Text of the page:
An Israeli college includes the recital of a Dylan song at its Memorial Day ceremony, but some students weren’t having it. We dig a little deeper and find that ‘the voice of a generation’ is more anti-Israel than you ever could have imagined.
By John Brown*
A small controversy erupted on Israel’s Memorial Day, threatening to shatter whatever remains of national unity in Israel following the most recent elections. The Memorial Day ceremony at Oranim College in northern Israel included a reading of Bob Dylan’s song, “Masters of War.”
The song, it seems, caused a fair bit of resentment. Students at the educational college claimed, rightfully so, that the song calls for the killing of IDF soldiers, and that it addresses them, specifically. One can clearly see it in the following lyrics:
Come you masters of war
You that build all the guns
You that build the death planes
You that build all the bombs
You that hide behind walls
You that hide behind desks
You fasten all the triggers
For the others to fire
Then you set back and watch
When the death count gets higher
You hide in your mansion’
As young people’s blood
Flows out of their bodies
And is buried in the mud.
Clearly the song is talking about the simple, lowly soldier, the grunt in the field. It is not talking about those who sent him there, or the corporations or the military-industrial complex and politicians who make billions off of war, as Dylan and millions of fans understood decades ago.
The students’ claims seem legitimate to me, and are in no way the result of the dissonance that has caused them to misinterpret the lyrics of the song. Dissonance that, quite possibly, is the result of an inability to cope with an anti-war movement. Because if war is a bad thing, then what does that say about those who died in war? What does that say about their memory? Can heroes die in an unnecessary war? Are we responsible for not stopping it? Such issues cannot be discussed, lest false accusations render the entire enterprise illegitimate.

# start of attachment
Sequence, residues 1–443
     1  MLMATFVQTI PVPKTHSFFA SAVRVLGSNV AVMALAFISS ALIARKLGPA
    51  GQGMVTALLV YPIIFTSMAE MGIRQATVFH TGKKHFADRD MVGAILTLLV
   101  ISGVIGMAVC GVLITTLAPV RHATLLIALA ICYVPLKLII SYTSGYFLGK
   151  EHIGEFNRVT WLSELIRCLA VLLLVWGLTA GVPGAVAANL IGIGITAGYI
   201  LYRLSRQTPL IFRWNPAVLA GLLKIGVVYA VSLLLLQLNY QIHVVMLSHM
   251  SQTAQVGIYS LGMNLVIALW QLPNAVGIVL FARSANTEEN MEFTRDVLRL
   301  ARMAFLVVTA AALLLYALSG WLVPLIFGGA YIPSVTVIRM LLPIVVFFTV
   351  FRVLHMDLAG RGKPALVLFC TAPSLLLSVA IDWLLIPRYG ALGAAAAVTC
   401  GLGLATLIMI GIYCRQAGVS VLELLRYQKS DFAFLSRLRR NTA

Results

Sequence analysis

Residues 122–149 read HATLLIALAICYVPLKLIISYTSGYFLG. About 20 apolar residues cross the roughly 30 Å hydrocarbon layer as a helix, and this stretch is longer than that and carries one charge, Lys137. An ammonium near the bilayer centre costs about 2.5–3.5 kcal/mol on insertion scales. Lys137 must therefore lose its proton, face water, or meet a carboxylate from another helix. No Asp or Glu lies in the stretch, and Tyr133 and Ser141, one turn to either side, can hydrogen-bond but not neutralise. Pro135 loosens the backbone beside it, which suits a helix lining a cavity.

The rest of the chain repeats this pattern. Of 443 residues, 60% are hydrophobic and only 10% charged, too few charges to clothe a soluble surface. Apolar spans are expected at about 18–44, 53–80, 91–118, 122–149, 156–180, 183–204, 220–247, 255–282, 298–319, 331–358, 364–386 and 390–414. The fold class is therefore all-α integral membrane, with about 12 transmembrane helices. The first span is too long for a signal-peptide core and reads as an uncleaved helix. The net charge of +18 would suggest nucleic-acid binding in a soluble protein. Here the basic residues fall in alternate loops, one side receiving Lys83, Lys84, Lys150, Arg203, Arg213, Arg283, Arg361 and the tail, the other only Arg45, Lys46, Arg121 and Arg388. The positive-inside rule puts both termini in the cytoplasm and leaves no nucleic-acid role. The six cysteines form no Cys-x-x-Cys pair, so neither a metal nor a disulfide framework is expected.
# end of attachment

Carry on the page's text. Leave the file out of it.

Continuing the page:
The lyrics weren’t written in a settlement
I decided to take a look through the author’s extensive discography. I was shocked to find that it is full of even more shocking pieces of work that are even more anti-Israel than “Masters of War.” It is only natural, therefore, that I hereby call for a boycott of Dylan’s songs.
Worry not, there is no way that this boycott will constitute a violation of the boycott law, for the lyrics were not written in a West Bank settlement. As High Court Justice Asher Grunis wrote last week, “a playlist is not a recipe for national suicide.”
May we all find hope in the fact that the most controversial song in Israel, which was written during the Cuban missile crisis, might mean that Israel, too, will finally lift its embargo on Cuba in 50 years’ time.
The partial list of Dylan’s anti-Israel work:
In his song “Isis” on the album “Desire,” Dylan explicitly expresses support for the abhorrent Islamic State organization, as the title clearly reveals.
In one of his most famous songs, “Like a Rolling Stone,” Dylan expresses support for stone-throwing by Palestinian youth as a path of resistance to the occupation.
Support for the ‘Mavi Marmara’ Gaza flotilla:
A call to free Palestinian political prisoners in general, and administrative detainees, whom only god knows what they stand accused of:
The song, “All Along the Watchtower,” is clearly a reference to the Nakba, and is dedicated to the clocktower in Jaffa:
A song of admiration for MK Haneen Zoabi:
And here he is explicitly defaming Mrs. Sara Netanyahu:
A song about the author of this article, whose anti-Israel views are widely known:
A thinly veiled reference to the killing of Rachel Corrie, in which Dylan ridicules the Israeli justice system’s treatment of the case:
Pondering who is responsible for the death of Palestinians killed by IDF soldiers when the official investigations never even manage to locate a suspect:
Criticizes the IDF and the political echelon, which forced Israelis in the south of the country to stay in bomb shelters all last summer, and who are sure to do the same thing next summer, or the summer after that:
*John Brown is the pseudonym of an Israeli academic and a blogger on +972’s Hebrew site, Local Call, where this article was first published in Hebrew.